As a specific case in point, according to ECLAC, in Latin America, a region composed of mainly MICs, 30 million people will sink back into poverty and 12 million will likely lose their jobs because of the pandemic.

Concrete challenges have been brought to fore such as tradeoffs between risks to health and the multidimensional impacts of the pandemics; decisions on short-term needs vs. long-term investments; a potentially widening digital divide; resource constraints that have not allowed us to sustain some environmental gains; and productive capacity for medicines and vaccine development

For the way forward, we underline the following:
1. It is in the best interest of humanity that we collectively work in building a transformational, inclusive and forward-looking model of cooperation for global sustainable development. The way middle-income countries are assessed should change. We challenge the validity of modalities used to address development levels inasmuch as the achievement of sustainable development in its three dimensions requires working in conditions that go beyond income, such as, among others, equality, inclusion, healthy ecosystems, and access to services;

2. We need to foster an open and innovative dialogue about the multidimensional concept of development that will consider broadening the vision of the international community in this regard to create more appropriate, focused and efficient solutions to achieve the ambitious goals of sustainable development, responding to the particular needs of each country;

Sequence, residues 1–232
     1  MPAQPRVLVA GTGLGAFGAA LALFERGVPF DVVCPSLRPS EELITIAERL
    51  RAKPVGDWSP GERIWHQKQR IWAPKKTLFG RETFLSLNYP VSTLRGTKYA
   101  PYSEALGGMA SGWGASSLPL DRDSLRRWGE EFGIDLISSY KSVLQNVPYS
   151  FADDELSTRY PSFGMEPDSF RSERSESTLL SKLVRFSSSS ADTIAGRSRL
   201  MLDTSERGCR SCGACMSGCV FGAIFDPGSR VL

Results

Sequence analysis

3. We reiterate our request for the UN Development System to address the interests and specific challenges of MICs in a comprehensive, holistic and UN-system wide approach, prioritizing UN agencies’ inter-agency work based on their mandates and comparative advantages, noting that both the Agenda 2030 and the Addis Ababa Action Agenda explicitly recognize the need to address the challenges of middle-income countries. On this point, we welcome the call of the Secretary-General for the UNDS to evolve its support to middle-income countries in all their diversity;

4. We highlight the importance of access to international cooperation for MICs, in particular for climate finance, biodiversity conservation and sustainable use, disaster risk reduction and prevention and preparation for future epidemics and pandemics. South-South and triangular cooperation should be harnessed, and cooperation between national scientific systems should be strengthened to avoid leaving anyone behind in the recovery;

5. Middle-income countries should not be left out of funds and programs to recover better from this pandemic. UN agencies should continue to support MICs with greater resources to confront the humanitarian and socioeconomic crisis of COVID-19, including for countries hosting migrants and refugees, which further strain the resources available;

6. Finally, we request the Secretary General for an analysis report on the impact of COVID-19 on middle-income countries, with policy recommendations for the UN system.

Thank you, Chair.